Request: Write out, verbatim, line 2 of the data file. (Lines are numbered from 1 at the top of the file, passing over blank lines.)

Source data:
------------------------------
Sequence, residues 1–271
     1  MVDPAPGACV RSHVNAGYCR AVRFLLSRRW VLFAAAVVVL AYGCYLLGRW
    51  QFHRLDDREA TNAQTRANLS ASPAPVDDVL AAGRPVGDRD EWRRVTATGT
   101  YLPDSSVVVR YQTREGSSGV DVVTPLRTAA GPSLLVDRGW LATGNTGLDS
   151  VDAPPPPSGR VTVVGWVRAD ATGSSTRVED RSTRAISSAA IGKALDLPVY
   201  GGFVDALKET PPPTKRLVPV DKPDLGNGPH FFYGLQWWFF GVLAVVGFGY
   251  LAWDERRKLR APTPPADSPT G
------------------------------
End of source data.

     1  MVDPAPGACV RSHVNAGYCR AVRFLLSRRW VLFAAAVVVL AYGCYLLGRW